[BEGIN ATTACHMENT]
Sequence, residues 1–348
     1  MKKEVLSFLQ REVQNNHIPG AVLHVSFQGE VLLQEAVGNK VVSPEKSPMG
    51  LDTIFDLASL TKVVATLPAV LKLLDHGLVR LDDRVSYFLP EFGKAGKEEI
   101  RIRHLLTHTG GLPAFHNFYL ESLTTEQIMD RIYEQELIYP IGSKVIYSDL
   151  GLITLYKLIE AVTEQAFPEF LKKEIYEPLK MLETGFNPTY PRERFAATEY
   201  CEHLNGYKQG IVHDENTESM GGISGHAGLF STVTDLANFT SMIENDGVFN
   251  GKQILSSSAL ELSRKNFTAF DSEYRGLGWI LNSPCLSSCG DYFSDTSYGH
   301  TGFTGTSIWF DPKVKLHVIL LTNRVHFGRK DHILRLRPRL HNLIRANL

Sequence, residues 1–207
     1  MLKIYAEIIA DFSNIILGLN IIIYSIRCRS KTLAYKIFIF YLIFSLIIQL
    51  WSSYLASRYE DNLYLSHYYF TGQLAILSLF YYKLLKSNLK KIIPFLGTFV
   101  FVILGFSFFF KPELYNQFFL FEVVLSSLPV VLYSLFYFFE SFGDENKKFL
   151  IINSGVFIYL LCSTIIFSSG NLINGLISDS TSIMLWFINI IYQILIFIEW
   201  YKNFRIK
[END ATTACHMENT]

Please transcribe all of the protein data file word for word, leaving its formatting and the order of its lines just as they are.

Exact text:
Sequence, residues 1–348
     1  MKKEVLSFLQ REVQNNHIPG AVLHVSFQGE VLLQEAVGNK VVSPEKSPMG
    51  LDTIFDLASL TKVVATLPAV LKLLDHGLVR LDDRVSYFLP EFGKAGKEEI
   101  RIRHLLTHTG GLPAFHNFYL ESLTTEQIMD RIYEQELIYP IGSKVIYSDL
   151  GLITLYKLIE AVTEQAFPEF LKKEIYEPLK MLETGFNPTY PRERFAATEY
   201  CEHLNGYKQG IVHDENTESM GGISGHAGLF STVTDLANFT SMIENDGVFN
   251  GKQILSSSAL ELSRKNFTAF DSEYRGLGWI LNSPCLSSCG DYFSDTSYGH
   301  TGFTGTSIWF DPKVKLHVIL LTNRVHFGRK DHILRLRPRL HNLIRANL

Sequence, residues 1–207
     1  MLKIYAEIIA DFSNIILGLN IIIYSIRCRS KTLAYKIFIF YLIFSLIIQL
    51  WSSYLASRYE DNLYLSHYYF TGQLAILSLF YYKLLKSNLK KIIPFLGTFV
   101  FVILGFSFFF KPELYNQFFL FEVVLSSLPV VLYSLFYFFE SFGDENKKFL
   151  IINSGVFIYL LCSTIIFSSG NLINGLISDS TSIMLWFINI IYQILIFIEW
   201  YKNFRIK